Arts & Theatre

‘Black Super Hero Magic Mama’ gives voice to black mothers

Geffen Playhouse production provides a new and realistic perspective of police brutality and news coverage in the form of a comic book.

After a young, unarmed black boy is shot by a police officer, playwright Inda Craig-Galvan delves into one of America's constant social battles through the eyes of a mother in her play, "Black Super Hero Magic Mama." Instead of following the trope typically overplayed in mainstream media, Craig-Galvan uses comic book stories to communicate the healing process and the nuanced realities of being a person of color in America.

The play's world-premiere production is currently running at the Audrey Skirball Kenis Theatre in Geffen Playhouse under Robert O'Hara's direction. It opens in reality: the bedroom of Tramarion Jackson (Cedric Joe). Myung Hee Cho's scenic design places a bed on a revolving stage to represent the home of the Jacksons. Single mother Sabrina Jackson (Kimberly Hébert Gregory) wants the best for her son. She pushes him to do his best in school and succeed in the Know Your Heritage Bowl where he competes with other kids on his knowledge of important black figures in history. He is your everyday kid, but he isn't.

Sabrina Jackson always tells her son to not get involved with the wrong crowd, referring to his best friend Flat Joe (Noah Abbott). Abbott's character and story are there, but his acting lacks listening which would sharpen the relationship between Tramarion and Flat Joe. Flat Joe is not who Sabrina thinks he is. He is an artist who works on a comic book with Tramarion. Not only does this relationship reveal an inner conflict for the family duo, but it also represents the precautions people of color must take to survive in America.

For people who question why black and brown people are scared to wear hoodies at night or freeze at the sign of a police officer, this show will either enlighten them or go over their heads. It all depends on if they are willing to listen to the speechless mother. Even though she is silent from depression, Hérbert Gregory's frozen state adds power to the moments when she responds. As she sits on her son's empty bed, two broadcast reporters stand atop a platform behind her to report on the shooting. Reporters Connie Wright (Reiko Aylesworth) and Tom Blackman (Kevin Douglas) use the same rhetoric we hear today. They repeat the safe words journalists use for these moments: "tragedy" and "confusion."

"Black Super Hero Magic Mama" depicts the reason we need more reporters of color and conscious reporting. When they are off the air, the two reporters begin to plan how they will get Sabrina to talk to them. They brainstorm every possible angle to get all the sob stories on the air. They tokenize and take advantage of the heartbroken mother, much like some reporters today. Journalists use the same photos and dig up the same information on the dead to paint a negative image of black and brown people. Although Tom is a black reporter, he still digs the same way any other reporter does. What nuances his character is how he searches for interviews who are not the mother. Although that conflict of identity and reporter is there, it could've been amplified in the script to exemplify what reporters of color have to face when trying to make it in a white-dominated field.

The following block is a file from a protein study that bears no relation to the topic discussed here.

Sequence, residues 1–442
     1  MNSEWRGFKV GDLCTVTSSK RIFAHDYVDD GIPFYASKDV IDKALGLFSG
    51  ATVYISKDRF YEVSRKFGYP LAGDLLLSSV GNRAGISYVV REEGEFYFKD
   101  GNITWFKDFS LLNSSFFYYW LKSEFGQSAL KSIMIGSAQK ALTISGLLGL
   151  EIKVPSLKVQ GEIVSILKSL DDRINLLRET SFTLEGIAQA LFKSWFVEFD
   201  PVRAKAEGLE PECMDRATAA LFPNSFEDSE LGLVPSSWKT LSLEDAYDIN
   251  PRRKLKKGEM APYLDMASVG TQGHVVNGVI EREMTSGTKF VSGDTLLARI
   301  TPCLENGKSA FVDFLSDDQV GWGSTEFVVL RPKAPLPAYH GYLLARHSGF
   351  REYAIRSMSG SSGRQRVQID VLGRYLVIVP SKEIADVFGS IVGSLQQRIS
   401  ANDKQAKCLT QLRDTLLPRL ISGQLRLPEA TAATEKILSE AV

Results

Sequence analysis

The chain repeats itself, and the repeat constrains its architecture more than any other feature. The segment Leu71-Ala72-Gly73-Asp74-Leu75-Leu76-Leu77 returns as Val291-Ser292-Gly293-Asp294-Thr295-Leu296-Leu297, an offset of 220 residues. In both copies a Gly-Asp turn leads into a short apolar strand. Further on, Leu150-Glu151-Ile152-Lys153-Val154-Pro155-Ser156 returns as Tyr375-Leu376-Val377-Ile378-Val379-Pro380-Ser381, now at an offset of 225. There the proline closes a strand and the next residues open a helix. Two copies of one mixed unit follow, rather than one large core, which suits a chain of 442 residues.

The second half of the play lives in the world of a comic book with Sabrina Jackson as the hero, Maasai Angel. Her best friend Lena Evers (Cynthia Kaye McWilliams) takes the role of the comedic narrator as Sabrina faces everyone close to her son and the shooting. The comic book narrative represents the inner journey Sabrina must take to move forward. It all leads to her coming face to face with her son. As she breaks down trying to get the answers, he sits calmly. This encounter is heart-wrenching to watch and depicts a goodbye many mothers of color don't get in these situations.

From an unconsented hair touch by the white reporter to the incorporation of a bed in each scene, Robert O'Hara's direction transports the story through space and time in a succinct manner that doesn't dwell too long in one moment. It adds variety to every relationship the mother has. As the show shifts through time and worlds, the set turns and changes. However, its constant movement becomes a distraction that loses its ability to transition the play from one scene to the next. It helped most when it turned to show a transition in time.

Tramarion Jackson represents something much larger than one instance. If it isn't a trophy, it's a wallet or a toy or a hairbrush. It could be anything. Police can turn anything into a gun when they succumb to the black stereotypes that have yet to be broken down. When deciding on a photo of what image of Tramarion to use in the broadcast, the reporters stick with the most offensive photo available. Craig-Galvan delivers a repeated story in a more comedic fashion that doesn't mock it but makes it easier to consume. "Black Super Hero Magic Mama" adds truth to a story typically reported with false interpretations. It shows the struggle black mothers and sons face under today's social pressures without making them the "other." This time, the public gets to see the truth: the mother is strong.

“Black Super Hero Magic Mama” runs now through April 15th at Audrey Skirball Kenis Theater at Geffen Playhouse Noise. Tickets start at $30 and can be purchased here.